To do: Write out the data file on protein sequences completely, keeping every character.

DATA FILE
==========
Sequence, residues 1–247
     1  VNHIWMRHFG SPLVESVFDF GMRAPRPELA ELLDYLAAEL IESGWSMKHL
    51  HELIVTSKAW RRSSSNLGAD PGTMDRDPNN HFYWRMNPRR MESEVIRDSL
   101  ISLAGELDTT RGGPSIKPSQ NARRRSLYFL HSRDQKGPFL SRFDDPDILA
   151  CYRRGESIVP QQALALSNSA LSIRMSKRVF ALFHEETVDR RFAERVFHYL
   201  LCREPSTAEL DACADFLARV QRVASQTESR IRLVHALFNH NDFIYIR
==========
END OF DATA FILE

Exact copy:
Sequence, residues 1–247
     1  VNHIWMRHFG SPLVESVFDF GMRAPRPELA ELLDYLAAEL IESGWSMKHL
    51  HELIVTSKAW RRSSSNLGAD PGTMDRDPNN HFYWRMNPRR MESEVIRDSL
   101  ISLAGELDTT RGGPSIKPSQ NARRRSLYFL HSRDQKGPFL SRFDDPDILA
   151  CYRRGESIVP QQALALSNSA LSIRMSKRVF ALFHEETVDR RFAERVFHYL
   201  LCREPSTAEL DACADFLARV QRVASQTESR IRLVHALFNH NDFIYIR